6. Intriguing Sequels

 

It worked the first time, so we're pumped for Star Trek Into Darkness (May 17), in which the crew of the starship Enterprise faces off against a mysterious superhuman (Benedict Cumberbatch). Retirement-age spies (including Bruce Willis, Helen Mirren and John Malkovich) step into a European escapade in Red 2 (Aug. 2). Co-directors Robert Rodriguez and Frank Miller explore comic-book noir once again in Sin City 2: A Dame to Kill For (Oct. 4).

Fans of a certain Amazonian warrior woman can anticipate a little more moral complexity in the future-primitive realm of Katniss Everdeen (Jennifer Lawrence) in The Hunger Games: Catching Fire (Nov. 22). Thirteen dwarves and a Hobbit face off against a big dragon in Peter Jackson's The Hobbit: The Desolation of Smaug (Dec. 13). And a gang of doofus TV newsmen (including Will Ferrell, Steve Carell and Paul Rudd) reunite for some Ron Burgundy-style hijinks in Anchorman: The Legend Continues (Dec. 20)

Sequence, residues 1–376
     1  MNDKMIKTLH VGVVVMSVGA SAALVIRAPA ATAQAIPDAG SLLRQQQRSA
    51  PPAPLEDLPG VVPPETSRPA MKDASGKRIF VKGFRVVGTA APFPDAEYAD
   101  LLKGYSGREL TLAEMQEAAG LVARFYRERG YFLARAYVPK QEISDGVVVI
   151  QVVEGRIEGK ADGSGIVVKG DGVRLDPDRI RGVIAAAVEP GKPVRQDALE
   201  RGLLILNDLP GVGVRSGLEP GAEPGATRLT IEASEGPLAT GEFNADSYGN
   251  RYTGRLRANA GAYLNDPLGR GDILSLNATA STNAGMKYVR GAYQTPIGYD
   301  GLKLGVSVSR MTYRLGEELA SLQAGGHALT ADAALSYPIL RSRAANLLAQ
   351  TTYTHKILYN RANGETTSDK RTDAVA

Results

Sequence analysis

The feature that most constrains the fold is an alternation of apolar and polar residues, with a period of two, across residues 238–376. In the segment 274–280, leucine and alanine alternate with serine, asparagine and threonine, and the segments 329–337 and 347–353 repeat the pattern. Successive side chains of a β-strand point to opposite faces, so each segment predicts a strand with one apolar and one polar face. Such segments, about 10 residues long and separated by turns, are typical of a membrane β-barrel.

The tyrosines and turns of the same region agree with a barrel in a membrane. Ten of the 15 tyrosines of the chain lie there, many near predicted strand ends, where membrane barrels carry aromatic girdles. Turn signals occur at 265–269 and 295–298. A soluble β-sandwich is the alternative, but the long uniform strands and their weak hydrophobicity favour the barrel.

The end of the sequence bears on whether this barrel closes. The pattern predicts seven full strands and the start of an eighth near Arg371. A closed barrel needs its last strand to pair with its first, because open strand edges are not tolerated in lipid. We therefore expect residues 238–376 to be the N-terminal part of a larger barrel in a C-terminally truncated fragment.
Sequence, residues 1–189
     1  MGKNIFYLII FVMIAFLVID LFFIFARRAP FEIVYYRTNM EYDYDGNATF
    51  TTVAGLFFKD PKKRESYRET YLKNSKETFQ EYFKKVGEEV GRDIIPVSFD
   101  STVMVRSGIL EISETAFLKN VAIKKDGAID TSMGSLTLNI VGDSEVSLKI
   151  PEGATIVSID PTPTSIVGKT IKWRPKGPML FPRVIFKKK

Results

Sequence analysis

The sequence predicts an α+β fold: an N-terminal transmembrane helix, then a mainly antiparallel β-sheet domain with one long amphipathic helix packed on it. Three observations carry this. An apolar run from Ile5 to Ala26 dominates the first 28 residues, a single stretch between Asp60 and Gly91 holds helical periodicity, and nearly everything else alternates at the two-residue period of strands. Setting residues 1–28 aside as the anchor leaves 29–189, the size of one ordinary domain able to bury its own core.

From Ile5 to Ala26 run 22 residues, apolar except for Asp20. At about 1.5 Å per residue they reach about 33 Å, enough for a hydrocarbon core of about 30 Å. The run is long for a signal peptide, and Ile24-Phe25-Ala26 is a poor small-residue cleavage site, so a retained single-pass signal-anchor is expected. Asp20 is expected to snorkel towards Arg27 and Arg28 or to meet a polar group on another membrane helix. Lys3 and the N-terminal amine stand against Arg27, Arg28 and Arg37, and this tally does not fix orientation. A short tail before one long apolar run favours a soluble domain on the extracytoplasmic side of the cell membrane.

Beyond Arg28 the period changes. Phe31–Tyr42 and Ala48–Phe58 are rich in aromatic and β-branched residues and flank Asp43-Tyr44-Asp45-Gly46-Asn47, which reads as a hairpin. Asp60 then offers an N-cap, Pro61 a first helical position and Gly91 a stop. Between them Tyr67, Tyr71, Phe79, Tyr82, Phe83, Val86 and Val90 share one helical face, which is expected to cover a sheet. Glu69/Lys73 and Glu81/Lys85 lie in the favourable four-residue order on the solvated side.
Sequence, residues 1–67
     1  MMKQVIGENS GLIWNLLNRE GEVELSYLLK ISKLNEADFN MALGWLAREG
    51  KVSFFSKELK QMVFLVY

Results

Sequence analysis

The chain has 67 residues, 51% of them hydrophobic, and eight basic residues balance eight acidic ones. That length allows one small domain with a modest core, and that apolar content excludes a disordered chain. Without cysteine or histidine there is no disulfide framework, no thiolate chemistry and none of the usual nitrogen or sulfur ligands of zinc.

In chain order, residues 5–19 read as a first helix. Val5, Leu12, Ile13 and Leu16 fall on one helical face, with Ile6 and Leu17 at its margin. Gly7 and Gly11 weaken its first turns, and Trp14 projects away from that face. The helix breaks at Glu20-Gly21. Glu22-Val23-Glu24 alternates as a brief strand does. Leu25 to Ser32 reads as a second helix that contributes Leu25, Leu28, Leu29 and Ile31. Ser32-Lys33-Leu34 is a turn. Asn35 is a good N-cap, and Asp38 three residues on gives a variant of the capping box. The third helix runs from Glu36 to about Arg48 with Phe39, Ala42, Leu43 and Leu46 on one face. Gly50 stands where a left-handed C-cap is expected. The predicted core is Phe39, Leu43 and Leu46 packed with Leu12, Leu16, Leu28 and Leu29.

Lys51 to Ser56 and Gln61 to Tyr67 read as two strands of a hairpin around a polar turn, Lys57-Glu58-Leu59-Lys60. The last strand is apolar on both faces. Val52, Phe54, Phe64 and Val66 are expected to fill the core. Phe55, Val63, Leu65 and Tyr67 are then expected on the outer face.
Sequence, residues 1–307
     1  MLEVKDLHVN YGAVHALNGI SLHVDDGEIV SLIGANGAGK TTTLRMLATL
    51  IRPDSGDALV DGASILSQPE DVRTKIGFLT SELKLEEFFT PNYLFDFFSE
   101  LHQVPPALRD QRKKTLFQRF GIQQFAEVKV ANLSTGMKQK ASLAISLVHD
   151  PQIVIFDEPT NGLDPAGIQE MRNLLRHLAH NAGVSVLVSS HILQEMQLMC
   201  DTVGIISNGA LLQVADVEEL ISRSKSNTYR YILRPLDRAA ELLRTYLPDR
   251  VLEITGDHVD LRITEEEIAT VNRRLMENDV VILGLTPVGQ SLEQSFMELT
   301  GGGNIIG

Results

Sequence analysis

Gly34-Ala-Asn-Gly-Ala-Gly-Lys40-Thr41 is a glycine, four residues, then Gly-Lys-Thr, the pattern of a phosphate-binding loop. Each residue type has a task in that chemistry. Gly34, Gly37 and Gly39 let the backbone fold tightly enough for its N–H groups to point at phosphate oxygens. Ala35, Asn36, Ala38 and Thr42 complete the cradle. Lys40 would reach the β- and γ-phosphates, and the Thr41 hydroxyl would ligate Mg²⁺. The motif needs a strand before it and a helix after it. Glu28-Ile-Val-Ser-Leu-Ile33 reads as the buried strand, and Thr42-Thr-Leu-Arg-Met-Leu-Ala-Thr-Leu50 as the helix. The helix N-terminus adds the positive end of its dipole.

7. Intriguing Remakes/Reboots

 

Director Kimberly (Boys Don't Cry) Peirce's Carrie (March 15) is the second remake of the Stephen King story since Brian De Palma's 1976 version, but the presence of Chloe Moretz as the titular telekinetic and Julianne Moore as her nutzoid religious-fanatic mom has our interest. A bloody remake of Sam Raimi's landmark horror movie Evil Dead (April 12) is likewise morbidly compelling.

On the more highbrow front, The Great Gatsby (May 10) offers up an opulent art deco version of the F. Scott Fitzgerald tale from director Baz Luhrmann, with Leonardo DiCaprio as the mysterious millionaire and Carey Mulligan as the faithless Daisy Buchanan. (This, by the way, is the fifth film version of the story.)

Johnny Depp gets top billing as Tonto opposite Armie Hammer as the title character of Gore Verbinski's revamped The Lone Ranger (July 3).

Jack Ryan, the hero of Tom Clancy's multiple novels, has been played by Alec Baldwin, Harrison Ford and Ben Affleck, so it's just as well Chris Pine (Star Trek's new and improved Kirk) gets in on the act in Jack Ryan (Dec. 25).